Property owners and managers always want their buildings to be safe, efficient, and profitable. A management program for rooftop and riser spaces is indispensable in ensuring these areas stay organized and secure. And with proper planning, these spaces can also bring in some valuable revenue.
The term “riser” refers to a series of core holes that are cut into each floor of a building, typically located in electrical rooms, telephone closets, and the like. A vertical floor-to-floor pathway connects these core holes to each other. Telecommunication companies and property managers use these core holes for cabling for fiber optics, communications, Dish TV, cellular carriers, and more. This cabling provides services for tenants and customers on each floor.
The rooftop area also has value. You can use this space on top o the building for communications infrastructures such as satellite TV dishes or large server rooms for cellular sites. Both riser and rooftop spaces can be leased out to telecommunication companies to generate revenue.
These spaces, however, involve complicated installation and maintenance procedures. Developing a rooftop and riser management program can help make these processes run much more smoothly.
A rooftop and riser management program enables facility managers and engineers to police and generate revenue from the communication service carriers using the riser and rooftop space.
In the past, telecommunication companies owned and managed these areas. In 1996, however, the Telecom Act was passed, shifting the extensive responsibilities to property owners. With the numerous guidelines and regulations involved in installing, monitoring, and maintaining these spaces, managing the areas can seem overwhelming. A good management program, however, makes handling these responsibilities much easier.
A rooftop and riser management program improves the safety and organization of these spaces. This program dictates who has access to the closets in which the cores are located and who will be allowed to rent and use the areas. Additionally, a rooftop and riser program is necessary for developing a plan for leasing out the spaces and generating profit.
There are companies that will manage your rooftop and riser areas for you, or you can choose to design your own program. Best practice, however, is to use a hybrid of the two approaches. Ideally, in addition to hiring a rooftop and riser management company, property managers and engineers would be aware and educated about the rooftop and riser program in place.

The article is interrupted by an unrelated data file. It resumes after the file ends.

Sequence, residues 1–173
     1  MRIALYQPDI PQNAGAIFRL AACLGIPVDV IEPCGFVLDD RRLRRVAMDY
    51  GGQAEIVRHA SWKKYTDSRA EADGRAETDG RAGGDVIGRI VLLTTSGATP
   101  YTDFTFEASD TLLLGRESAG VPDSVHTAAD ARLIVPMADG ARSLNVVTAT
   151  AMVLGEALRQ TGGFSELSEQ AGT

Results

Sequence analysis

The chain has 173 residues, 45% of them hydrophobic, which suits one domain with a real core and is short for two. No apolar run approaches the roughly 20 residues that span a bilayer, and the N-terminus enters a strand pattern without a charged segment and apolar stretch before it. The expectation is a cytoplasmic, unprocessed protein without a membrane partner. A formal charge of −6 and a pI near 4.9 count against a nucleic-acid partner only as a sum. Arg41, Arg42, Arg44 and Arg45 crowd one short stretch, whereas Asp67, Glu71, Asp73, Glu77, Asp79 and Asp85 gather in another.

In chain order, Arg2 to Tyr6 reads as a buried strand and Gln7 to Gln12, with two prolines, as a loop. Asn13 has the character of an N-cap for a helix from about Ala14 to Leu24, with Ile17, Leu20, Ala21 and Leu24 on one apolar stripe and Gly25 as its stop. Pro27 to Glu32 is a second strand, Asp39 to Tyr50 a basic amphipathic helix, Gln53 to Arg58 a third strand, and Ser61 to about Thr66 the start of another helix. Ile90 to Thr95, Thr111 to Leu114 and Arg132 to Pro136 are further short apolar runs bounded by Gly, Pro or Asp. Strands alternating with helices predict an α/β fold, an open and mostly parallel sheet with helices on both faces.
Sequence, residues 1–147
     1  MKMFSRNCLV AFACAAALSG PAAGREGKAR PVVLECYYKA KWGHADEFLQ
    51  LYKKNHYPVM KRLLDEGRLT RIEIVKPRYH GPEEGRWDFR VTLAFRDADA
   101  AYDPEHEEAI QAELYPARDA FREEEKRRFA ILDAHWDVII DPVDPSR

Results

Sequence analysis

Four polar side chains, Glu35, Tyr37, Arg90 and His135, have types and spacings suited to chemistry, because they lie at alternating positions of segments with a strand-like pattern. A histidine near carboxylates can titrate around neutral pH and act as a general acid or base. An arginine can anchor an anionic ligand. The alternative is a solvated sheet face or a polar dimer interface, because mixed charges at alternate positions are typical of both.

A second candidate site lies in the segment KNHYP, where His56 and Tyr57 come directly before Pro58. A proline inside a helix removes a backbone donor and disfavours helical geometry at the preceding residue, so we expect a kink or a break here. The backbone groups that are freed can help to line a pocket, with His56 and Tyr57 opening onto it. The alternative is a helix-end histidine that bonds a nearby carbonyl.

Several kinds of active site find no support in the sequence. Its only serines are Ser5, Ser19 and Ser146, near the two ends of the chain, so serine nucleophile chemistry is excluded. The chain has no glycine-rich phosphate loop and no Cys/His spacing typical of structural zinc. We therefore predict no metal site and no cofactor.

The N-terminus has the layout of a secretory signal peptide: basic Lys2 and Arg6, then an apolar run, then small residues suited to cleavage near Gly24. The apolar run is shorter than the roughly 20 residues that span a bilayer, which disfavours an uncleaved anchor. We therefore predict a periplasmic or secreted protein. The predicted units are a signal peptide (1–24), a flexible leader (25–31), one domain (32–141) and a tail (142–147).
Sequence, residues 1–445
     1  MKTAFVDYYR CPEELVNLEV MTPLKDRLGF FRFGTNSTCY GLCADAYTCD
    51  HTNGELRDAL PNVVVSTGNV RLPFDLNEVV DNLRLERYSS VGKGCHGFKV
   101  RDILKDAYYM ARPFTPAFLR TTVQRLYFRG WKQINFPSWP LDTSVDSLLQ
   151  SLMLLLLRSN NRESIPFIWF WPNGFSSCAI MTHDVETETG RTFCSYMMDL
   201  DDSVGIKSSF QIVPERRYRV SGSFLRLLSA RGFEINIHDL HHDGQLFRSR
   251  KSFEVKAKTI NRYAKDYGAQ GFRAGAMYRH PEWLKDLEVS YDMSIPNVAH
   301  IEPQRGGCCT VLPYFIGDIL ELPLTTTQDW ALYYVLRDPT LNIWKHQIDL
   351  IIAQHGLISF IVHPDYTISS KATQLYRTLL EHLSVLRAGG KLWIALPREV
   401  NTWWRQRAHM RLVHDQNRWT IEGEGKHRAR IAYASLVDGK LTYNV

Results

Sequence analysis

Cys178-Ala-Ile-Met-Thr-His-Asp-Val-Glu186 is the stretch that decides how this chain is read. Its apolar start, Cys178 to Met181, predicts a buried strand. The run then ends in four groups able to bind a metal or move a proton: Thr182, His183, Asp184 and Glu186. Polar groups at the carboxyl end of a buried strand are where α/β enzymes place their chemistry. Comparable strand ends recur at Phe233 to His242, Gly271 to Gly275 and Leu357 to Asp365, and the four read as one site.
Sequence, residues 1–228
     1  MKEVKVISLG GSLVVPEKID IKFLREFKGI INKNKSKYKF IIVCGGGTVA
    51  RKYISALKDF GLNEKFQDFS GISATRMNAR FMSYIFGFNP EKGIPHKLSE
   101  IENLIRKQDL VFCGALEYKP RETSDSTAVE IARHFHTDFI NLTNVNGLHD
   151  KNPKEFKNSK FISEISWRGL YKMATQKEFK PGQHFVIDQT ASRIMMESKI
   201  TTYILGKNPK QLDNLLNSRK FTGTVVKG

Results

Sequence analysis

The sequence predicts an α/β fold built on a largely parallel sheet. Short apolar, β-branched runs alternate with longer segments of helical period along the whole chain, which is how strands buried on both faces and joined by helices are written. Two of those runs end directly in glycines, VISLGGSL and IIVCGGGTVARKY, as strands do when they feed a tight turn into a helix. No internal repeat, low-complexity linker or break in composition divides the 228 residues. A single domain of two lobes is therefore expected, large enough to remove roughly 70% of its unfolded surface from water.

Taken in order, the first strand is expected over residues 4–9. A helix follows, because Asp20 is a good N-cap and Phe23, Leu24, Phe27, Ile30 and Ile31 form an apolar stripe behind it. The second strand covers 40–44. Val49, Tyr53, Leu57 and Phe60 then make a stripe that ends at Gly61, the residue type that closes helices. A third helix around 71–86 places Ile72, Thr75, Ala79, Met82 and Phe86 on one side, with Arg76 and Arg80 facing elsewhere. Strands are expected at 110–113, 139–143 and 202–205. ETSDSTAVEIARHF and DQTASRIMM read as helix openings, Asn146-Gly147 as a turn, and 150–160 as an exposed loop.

If you decide to hire a company to aid in your rooftop and riser management, there are some factors to consider. First, it’s best to work with an organization that is not solely an electrical company and to make sure that the company has experience working with the pertinent carriers.
Additionally, regarding generating revenue, the company should satisfy a few requirements. First, it should know what a standard rate range is for infrastructure revenue to the landlord. The company should also be able to formulate riser and rooftop capacity or capacity for growth of income and to balance revenue and remediation of risers.
You can lease out riser and rooftop space to telecommunication companies for profit. There is a nearly endless list of companies who may be interested in leasing the areas, including but not limited to Verizon, ATT, Windstream, and Comcast.
These companies need the spaces for many different reasons. For instance, sometimes a company may need to build a server room in a data closet for a particular customer or tenant. Other times a cellular company may require server room and antennae farm on the roof because of the location and height of the building. As previously mentioned, a suitable rooftop and riser management program should enable you to plan for and manage the revenue you gather from leasing these spaces.
One of the most vital aspects of a reliable rooftop and riser management program is the license agreement. This agreement holds parties accountable for the renting of spaces, maintenance of those spaces, and remediation of the infrastructure when the term of the deal comes to an end or equipment becomes obsolete.
Without this license agreement, problems are likely to occur. Contractors and subcontractors, for example, may enter the building and access rooftop and riser areas. Before management is aware, the subcontractor has installed low-voltage cabling and other ancillary equipment throughout the site. This type of cabling is a safety hazard as it can release poisonous gases during a fire.
Contractors know, however, that if there’s an “in force” license agreement in place and they enter these areas without permission, they are trespassing. The license agreement holds them accountable.
This agreement ensures that only contractors with clearance are permitted in these areas. And it compels these contractors to use best-practice and agreed-upon methods in their maintenance work. The license agreement keeps these spaces safe and secure.
Overall, if you develop a rooftop and riser management program — one with a solid license agreement, educated property managers and engineers, and a plan to generate revenue — your riser and rooftop will not only be safe and code-compliant but will also allow you to bring in extra profit.
Mark Gallman SMA,SMT, LEED® Green Associate™ Maintenance Manager